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Reviews » Theatrical Reviews » Wonderland
Wonderland
Lionsgate Home Entertainment // R // October 6, 2003
Review by Megan Denny | posted October 8, 2003 | E-mail the Author
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Wonderland

Wonderland is self-described as, "The story of what happened once the legend was over." The legend is porn star John C. Holmes and what happened is the brutal murder of four people on Wonderland Avenue in 1982. Was Holmes involved? No one knows. In a Rashomon-like fashion, Wonderland presents three different accounts of the events surrounding the killings and invites the audience to draw their own conclusions.

From the very beginning Wonderland is mediocre and it never really vacillates. Writer/ Director James Cox seemed to be trying so hard to NOT make Boogie Nights that he overlooks some important aspects of filmmaking like: ADR and story arc. There are significant moments in this film where I had no idea what was going on because I could barely see the characters and I couldn't understand their mumbled dialogue at all. When the film was over I wondered what year it was as Wonderland feels as though it is about five hours long. Without a distinct story arc or at least some lighter scenes to break up the relentless intensity of the story, Wonderland is an exhausting experience.

I wouldn't have been quite so disappointed in Wonderland if I hadn't seen an excellent documentary on the very same subject called, WADD: The Life and Times of John C. Holmes. WADD presents the same information on the murders but in a more coherent way. What's more, WADD does not try to sell Holmes to the audience as some kind of misunderstood loser. Wonderland fails to mention that Holmes was a police informant to the L.A.P.D. vice squad and, despite knowing he was HIV positive, continued to make adult films and even requested to do more orgy films.

Val Kilmer, as Holmes, is good but no great. In other words, it's not time to celebrate Kilmer's return to cinema. Kilmer achieves the right blend of puppy dog, sleaze and stupidity put across by the real Holmes; but, like the rest of the film, he plays the same note over and over. Luckily, Wonderland is really more of an ensemble film.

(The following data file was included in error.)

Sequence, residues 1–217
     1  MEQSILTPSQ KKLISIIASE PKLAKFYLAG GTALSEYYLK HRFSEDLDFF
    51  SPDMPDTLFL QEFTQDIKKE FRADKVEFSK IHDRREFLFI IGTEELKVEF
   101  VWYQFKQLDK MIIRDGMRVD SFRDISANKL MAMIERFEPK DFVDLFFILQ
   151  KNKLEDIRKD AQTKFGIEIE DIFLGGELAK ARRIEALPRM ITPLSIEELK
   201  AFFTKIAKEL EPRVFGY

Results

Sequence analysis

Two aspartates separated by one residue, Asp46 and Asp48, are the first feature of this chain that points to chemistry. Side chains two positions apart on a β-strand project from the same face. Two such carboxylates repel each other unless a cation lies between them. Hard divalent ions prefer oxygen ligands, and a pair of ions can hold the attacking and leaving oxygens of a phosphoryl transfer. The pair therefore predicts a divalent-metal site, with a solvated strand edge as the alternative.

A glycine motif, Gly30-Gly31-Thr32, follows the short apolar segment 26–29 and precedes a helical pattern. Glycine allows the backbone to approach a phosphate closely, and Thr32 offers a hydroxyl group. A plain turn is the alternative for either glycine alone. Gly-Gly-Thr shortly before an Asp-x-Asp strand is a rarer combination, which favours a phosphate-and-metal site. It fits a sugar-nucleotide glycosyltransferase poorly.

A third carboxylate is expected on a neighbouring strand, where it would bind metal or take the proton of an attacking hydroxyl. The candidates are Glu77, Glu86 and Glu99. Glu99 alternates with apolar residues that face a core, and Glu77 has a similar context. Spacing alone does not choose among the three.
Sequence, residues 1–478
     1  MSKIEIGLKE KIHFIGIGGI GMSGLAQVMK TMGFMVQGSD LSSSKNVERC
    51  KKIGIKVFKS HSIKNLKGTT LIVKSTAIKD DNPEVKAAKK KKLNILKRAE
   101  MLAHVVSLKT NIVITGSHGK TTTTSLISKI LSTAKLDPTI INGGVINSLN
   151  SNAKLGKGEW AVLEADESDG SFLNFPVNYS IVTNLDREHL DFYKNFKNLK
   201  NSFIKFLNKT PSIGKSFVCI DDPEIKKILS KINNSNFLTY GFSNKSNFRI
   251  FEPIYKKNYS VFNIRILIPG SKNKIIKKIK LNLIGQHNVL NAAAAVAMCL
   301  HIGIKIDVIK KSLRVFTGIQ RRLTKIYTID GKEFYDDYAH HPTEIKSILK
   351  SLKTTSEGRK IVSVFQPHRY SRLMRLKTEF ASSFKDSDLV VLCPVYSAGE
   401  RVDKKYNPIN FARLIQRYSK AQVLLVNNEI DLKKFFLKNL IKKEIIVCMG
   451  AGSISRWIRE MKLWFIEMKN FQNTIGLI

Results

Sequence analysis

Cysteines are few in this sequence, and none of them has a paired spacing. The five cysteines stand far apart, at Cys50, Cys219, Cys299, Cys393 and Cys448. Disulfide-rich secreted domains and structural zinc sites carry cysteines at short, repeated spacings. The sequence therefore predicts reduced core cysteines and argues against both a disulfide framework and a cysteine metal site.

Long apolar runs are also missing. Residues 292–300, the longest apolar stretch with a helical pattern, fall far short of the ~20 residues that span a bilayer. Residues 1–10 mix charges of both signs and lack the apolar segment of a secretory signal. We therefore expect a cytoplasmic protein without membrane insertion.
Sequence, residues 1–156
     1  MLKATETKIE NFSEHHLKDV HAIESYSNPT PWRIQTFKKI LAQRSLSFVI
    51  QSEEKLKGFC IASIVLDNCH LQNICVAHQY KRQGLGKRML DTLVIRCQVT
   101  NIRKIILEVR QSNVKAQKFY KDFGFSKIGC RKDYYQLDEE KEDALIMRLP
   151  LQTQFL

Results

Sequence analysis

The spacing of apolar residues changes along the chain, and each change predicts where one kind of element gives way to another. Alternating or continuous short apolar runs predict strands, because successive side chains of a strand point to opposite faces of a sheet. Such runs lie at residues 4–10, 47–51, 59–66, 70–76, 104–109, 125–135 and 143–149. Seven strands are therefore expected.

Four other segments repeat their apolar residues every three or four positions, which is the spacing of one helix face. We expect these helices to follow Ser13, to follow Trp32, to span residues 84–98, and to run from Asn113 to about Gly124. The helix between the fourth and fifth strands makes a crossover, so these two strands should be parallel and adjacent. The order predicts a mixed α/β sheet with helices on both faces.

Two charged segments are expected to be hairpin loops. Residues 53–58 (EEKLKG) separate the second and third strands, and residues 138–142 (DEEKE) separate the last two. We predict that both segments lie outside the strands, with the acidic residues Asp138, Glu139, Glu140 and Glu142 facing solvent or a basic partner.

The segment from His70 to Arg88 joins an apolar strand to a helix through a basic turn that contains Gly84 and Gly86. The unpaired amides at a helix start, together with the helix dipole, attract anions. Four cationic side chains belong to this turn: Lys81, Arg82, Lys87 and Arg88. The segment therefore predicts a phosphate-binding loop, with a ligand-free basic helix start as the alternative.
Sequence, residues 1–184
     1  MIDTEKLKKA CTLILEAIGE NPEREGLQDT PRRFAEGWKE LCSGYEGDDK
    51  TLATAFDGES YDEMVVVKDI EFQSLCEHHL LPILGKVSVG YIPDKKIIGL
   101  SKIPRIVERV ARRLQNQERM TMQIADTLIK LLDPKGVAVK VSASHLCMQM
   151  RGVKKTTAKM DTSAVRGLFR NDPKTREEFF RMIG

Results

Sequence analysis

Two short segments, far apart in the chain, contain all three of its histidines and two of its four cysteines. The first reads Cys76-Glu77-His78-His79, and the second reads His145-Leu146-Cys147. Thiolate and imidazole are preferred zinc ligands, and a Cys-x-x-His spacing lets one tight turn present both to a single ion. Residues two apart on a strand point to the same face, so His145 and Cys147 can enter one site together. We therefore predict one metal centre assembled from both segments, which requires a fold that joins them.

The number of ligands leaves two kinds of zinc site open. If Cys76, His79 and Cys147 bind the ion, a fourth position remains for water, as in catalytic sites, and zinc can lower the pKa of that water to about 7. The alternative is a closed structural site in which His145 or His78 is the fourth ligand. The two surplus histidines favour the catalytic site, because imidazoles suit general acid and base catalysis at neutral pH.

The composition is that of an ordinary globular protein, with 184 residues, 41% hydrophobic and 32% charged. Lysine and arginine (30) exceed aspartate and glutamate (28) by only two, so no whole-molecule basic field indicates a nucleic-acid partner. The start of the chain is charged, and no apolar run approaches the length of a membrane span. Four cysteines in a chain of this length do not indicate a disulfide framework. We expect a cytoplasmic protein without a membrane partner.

The supporting cast is the only good thing about Wonderland. A nearly unrecognizable Dylan McDermott delivers one of the few multi-dimensional performances. Kate Bosworth is also good as Holmes' girlfriend Dawn. In a film full of selfish druggies, she manages to create a character the audience can actually care about. But the best performance in the entire film is, surprise! Lisa Kudrow. Kudrow is outstanding as Holmes' wife Sharon. This is her best performance since The Opposite of Sex and, so long as there isn't a Marci X 2 she shows great potential for a post-Friends acting career.

Not every supporting actor is great. Eric Bogosian absolutely stinks as the nightclub king Eddie Nash. His oddly accented shouts of "You don't mess with The Nash," actually made me laugh out loud in a serious scene as I recalled a similar line from The Big Lebowski.

To the filmmakers credit, the Rashomon style of organization (telling the story three times) works very well given the differing historical viewpoints on what really happened at Wonderland. And, the film is never boring so much as it is relentless. Ultimately, though, Wonderland fails to deliver on its two major promises which are a) to attempt to bring Val Kilmer's career back to life (Kilmer's total screen time couldn't be more than 20 minutes) and b) entertain the audience with a thorough presentation of the possible events which lead up to Wonderland.

Megan A. Denny

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